Essentially, that’s what is happening in the UK under a government-sponsored program called WRAP (Waste & Resources Action Programme). Thirteen major chains accounting for more than 92% of UK retail spending are committed to slashing packaging waste by 10%. Unilever, Coca-Cola, Cadbury Schweppes and other food manufacturers are falling in line. Glass represents a disproportionately large amount of container weight, and a lightweighting demonstration project in 2004 cut more than a third of the weight from private-label whiskey bottles without hurting sales or boosting breakage rates.
By coordinating efforts among retailers, manufacturers and suppliers, WRAP believes it can eliminate 340,000 metric tons of packaging waste by 2010, (about 10%) according to Nicola Jenkin of WRAP’s retail innovation team. Early results suggest that’s conservative: “I believe we can cut 25%,” says David A. Dalton, technical director of Glass Technology Services Ltd. (GTS), Sheffield, UK. “How the cost savings are split between container manufacturers, fillers and retailers is up to the supply chain to decide, but everyone should be paying less. If you can combine commercial gains and green gains, it’s a win-win.”
A lightweighting effort called GlassRite is underway, and the program paticipants from O-I Inc. and Adnams, a Southwold, UK, brewery are “committed to going the green route,” according to Paul McLavin, O-I UK’s sales & marketing manager. Blow-and-blow technology was the standard for British ales in 500 ml (17 oz.) bottles. At 450 grams (1 lb.), Adnam’s bottles were bicep builders. O-I modified the narrow neck press & blow technology common for 12 oz. bottles to produce the bigger bottles, lowering Adnam’s weight 34% to 299 g. Material distribution also is more even, making the lighter bottle stronger.
While sustainability and recyclability are glass’s strengths, weight and fragility are its drawbacks. Before any lightweight bottles go into production, Dalton’s lab conducts impact and pressure tests. GTS then orders a hollow-body mock-up from Sensor Wireless, which imbeds the bottle with sensors to measure impact levels at the shoulder and heel as the container moves through a bottling line, then relays the data via radio frequency. “Anytime a force is exerted, it’s captured and transmitted by the replica bottle,” says Dallas Kelly, business development manager for Prince Edward Island-based Sensor Wireless.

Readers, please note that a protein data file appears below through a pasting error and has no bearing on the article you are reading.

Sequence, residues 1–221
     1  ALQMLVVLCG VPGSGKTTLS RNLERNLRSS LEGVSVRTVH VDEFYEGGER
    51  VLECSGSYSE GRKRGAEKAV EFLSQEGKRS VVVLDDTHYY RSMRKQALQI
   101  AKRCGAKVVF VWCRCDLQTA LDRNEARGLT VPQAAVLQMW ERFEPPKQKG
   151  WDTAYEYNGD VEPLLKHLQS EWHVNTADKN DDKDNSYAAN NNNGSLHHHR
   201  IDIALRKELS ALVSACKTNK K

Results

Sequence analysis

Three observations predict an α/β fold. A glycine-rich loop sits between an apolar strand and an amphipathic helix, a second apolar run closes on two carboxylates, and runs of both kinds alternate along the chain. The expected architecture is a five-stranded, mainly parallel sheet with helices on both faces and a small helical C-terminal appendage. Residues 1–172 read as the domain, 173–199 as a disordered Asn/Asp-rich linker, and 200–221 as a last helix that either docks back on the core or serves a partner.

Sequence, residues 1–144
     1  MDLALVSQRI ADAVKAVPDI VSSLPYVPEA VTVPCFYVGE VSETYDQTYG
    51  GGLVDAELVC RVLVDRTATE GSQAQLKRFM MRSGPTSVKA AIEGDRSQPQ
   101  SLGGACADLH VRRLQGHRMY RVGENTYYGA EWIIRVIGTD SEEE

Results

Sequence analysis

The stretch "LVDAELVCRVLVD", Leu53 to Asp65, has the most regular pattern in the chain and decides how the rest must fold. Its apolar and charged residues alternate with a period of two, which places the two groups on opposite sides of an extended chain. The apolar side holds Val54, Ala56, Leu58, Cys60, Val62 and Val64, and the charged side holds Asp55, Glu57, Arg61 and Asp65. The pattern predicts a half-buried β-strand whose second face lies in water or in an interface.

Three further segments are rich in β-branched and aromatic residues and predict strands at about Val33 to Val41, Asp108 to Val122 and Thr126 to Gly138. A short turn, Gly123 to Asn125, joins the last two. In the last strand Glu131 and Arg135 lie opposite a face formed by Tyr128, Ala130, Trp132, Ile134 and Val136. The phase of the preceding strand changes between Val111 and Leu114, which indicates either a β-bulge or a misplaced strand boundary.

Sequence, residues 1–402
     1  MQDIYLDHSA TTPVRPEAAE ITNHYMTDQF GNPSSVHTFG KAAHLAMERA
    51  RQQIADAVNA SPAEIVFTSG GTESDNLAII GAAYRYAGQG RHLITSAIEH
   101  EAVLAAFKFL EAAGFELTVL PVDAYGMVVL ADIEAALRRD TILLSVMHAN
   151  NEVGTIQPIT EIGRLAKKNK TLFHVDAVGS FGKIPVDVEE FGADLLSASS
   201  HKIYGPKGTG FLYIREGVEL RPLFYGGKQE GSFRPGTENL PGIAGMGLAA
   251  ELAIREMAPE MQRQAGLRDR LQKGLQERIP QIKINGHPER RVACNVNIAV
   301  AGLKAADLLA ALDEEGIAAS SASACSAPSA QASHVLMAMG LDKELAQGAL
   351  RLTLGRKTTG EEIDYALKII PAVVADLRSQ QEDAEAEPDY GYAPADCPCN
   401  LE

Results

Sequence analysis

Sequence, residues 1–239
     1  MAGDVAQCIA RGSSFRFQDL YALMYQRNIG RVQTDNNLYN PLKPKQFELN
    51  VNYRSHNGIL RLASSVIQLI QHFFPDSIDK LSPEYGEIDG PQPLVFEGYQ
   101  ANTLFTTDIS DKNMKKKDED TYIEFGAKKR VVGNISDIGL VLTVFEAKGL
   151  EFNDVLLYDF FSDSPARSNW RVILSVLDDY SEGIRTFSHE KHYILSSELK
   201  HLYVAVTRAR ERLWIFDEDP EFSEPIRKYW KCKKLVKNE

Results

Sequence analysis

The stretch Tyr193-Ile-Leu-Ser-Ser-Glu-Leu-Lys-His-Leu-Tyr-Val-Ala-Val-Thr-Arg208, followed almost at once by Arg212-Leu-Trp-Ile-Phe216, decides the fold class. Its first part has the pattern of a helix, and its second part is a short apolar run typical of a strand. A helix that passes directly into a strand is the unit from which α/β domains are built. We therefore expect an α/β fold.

Consumer reaction to package change is a major concern for both food companies and retailers. Extensive eye-tracking studies and other perception testing by the Psychology of Design Group at the University of Leeds was conducted early on to better understand the impact of lighter weights and different shapes. Coors Brewers Ltd. cut 13% of the weight from the popular Grolsch 300 ml bottle, then slashed an additional 12% when perception research demonstrated that altering the bottle’s shape wouldn’t hurt sales.
Weight reductions and recyclability will migrate from feel-good gestures to sales-decision tools in the near future, UK marketers say. Retailers Tesco and Marks & Spencer are investing several million dollars in a labeling program that will disclose carbon-footprint information to consumers for the packages on their shelves. u
For more information:
Paul McLavin, O-I Inc., 011-44 1279 422222
Dallas Kelly, Sensor Wireless Inc., 902-367-3322,
Nicola Jenkin, WRAP, 011-44 1295 819609,firstname.lastname@example.org